Tuesday, 23 July 2013

Urine Deflectors in Fleet Street



The average (male) Londoner of the early 1800s, out and about, was quite happy to relieve himself in the nearest alley. Urinals were becoming more common - usually outside pubs - but typically one found a quiet corner and had a pee.

Those who lived in said alleys, or who owned commercial property adjoining, were not entirely forgiving of this practice, as this quote from 1809 suggests:  

in London a man may sometimes walk a mile before he can meet with a suitable corner; for so unaccomodating are the owners of doorways, passages and angles, that they seem to have exhausted invention in the ridiculous barricadoes and shelves, grooves, and one fixed above another, to conduct the stream into the shoes of the luckless wight who shall dare to profane the intrenchments. 

This was the only reference I'd ever seen to these 'barricadoes and shelves' and I wondered if the writer was exaggerating, perhaps just drawing on one or two peculiar examples. Then a few days ago I found a quote from 1853

considering how disgusting are the preventives that disfigure every alley and court, and every piece of blind wall; considering, too, how ineffectual these contrivances are ...


Today, by chance, I walked down Clifford's Inn Passage, off Fleet Street - an ancient bit of London that used to lead to the Inn of Chancery of that name, whose gatehouse still survives. Here, Rokesmith takes Mr. Boffin aside from the bustle of the main thoroughfare in Dickens' Our Mutual Friend. And here, I only now realised - even though I've been here before a hundred times, and even feature it in my Dickens guide-book - was where many a Victorian stopped for a pee.




I remain a bit mystified by this hinged flap in one of the (metal) shelves


but surely these are 19th century urine deflectors?

I know, you'll now tell that there's a whole website somewhere devoted to 19th century urine deflectors.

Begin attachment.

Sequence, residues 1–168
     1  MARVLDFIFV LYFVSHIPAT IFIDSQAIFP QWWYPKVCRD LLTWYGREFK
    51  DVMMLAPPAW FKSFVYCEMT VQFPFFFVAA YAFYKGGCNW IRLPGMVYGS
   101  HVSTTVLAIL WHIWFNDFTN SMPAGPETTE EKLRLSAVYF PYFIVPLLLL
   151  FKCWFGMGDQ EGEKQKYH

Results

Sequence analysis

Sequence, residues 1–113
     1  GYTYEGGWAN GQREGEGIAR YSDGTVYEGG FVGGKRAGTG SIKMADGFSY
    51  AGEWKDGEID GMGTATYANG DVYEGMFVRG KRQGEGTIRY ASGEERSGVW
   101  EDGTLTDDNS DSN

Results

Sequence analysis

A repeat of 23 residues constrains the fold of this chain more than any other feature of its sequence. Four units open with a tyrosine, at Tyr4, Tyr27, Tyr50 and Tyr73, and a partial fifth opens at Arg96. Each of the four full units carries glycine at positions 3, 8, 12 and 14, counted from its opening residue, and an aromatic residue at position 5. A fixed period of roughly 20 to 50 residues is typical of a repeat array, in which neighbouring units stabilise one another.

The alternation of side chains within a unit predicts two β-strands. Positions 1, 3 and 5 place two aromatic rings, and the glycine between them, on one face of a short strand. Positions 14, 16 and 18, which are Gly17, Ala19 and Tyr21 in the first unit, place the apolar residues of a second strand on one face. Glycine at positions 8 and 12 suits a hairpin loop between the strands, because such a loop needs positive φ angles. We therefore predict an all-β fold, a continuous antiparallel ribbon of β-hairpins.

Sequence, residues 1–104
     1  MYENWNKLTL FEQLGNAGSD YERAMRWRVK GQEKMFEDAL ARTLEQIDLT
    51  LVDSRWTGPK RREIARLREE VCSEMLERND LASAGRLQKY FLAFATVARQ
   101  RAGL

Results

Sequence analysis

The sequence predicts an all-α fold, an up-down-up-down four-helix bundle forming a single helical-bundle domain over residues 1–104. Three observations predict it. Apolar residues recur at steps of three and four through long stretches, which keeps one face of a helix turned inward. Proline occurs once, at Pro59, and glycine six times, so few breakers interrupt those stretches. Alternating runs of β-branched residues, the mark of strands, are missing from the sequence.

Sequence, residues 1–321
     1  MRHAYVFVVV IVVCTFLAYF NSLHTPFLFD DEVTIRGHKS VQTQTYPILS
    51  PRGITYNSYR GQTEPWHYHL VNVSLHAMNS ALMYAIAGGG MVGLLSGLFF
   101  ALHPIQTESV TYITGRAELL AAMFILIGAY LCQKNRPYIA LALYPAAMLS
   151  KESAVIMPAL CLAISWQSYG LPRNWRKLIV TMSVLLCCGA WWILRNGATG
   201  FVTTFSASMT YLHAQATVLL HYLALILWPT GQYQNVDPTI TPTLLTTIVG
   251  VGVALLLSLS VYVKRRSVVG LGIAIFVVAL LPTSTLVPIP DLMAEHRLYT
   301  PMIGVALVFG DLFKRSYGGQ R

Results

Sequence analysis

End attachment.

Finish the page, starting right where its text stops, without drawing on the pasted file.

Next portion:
I don't care. I think I have discovered something.

But if you can find any more of them, let me know. Keep watching the alleys.



UPDATE: A comparable example in Nottingham
http://www.geograph.org.uk/photo/3320611

Small example on Tower Bridge
http://www.flickr.com/photos/83516580@N03/8122009306/in/photolist-dnHqpd-dnHurj

Chatting with people on twitter, some have asked why only a part of an alley might contain these shelves. In terms of this example, I can't say why there are no flaps over where it looks like there were basement light wells or similar;  possibly there were originally, but they were removed when those spaces were filled in; or possibly people just didn't tend to piss where there was a light well.

As for more generally, these would have been deterrents created by the owners of particular buildings, not the parish (at least, I've seen no mention of parishes installing anything like this), so coverage would necessarily be - cough - patchy.

It's also worth noting that building owners weren't necessarily troubled by the impropriety of alley-way urination as much as the damp and the smell ( in a period when 'miasma' was believed to cause disease).

10 comments:

  1. A brilliant post, thank you. I have a friend who lives in an alley that suffers from this issue. He has a water cannon filled with Dettol that he fires 'at the wall' as the guy is relieving himself 'for hygiene reasons'. If the chap gets soaked in Dettol in the process it is entirely accidental...

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  2. I believe that these are used to deflect the urine back onto the urinator, as a sort of preventative measure. We have similar (more crude) setups on 19thC houses here in the Black Country, where concrete is bricked up from floor level on houses near pubs - this also gives the opportunity to have run off onto the shoes. Strange but true!

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  3. Could that hinged thingy possibly be known as a piss flap?

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  4. Dave! Really!! :-)

    It's odd that one is "twin level" and also that they didn't continue over the top of the basement window, almost certainly the last place you'd you'd gents of yore relieving themselves.

    (See Twitter for another sighting on Tower Bridge)

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  5. One of the corners of the Bank of England has a urine deflector (of a different design) built in.

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  6. Fascinating post, something I'd never even dreamed of. And why shouldI? Well, I will look out for some now.

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  7. What a wonderful post. Eyes peeled now for more.

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  8. Fascinating, excellent piece of research, thank you. I'll be looking out for them...

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  9. Is it me or does the shelf in the second picture seem higher up than the rest? Is it the angle of the picture?

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    1. Yes, just the photo ... they are fairly level in real life.

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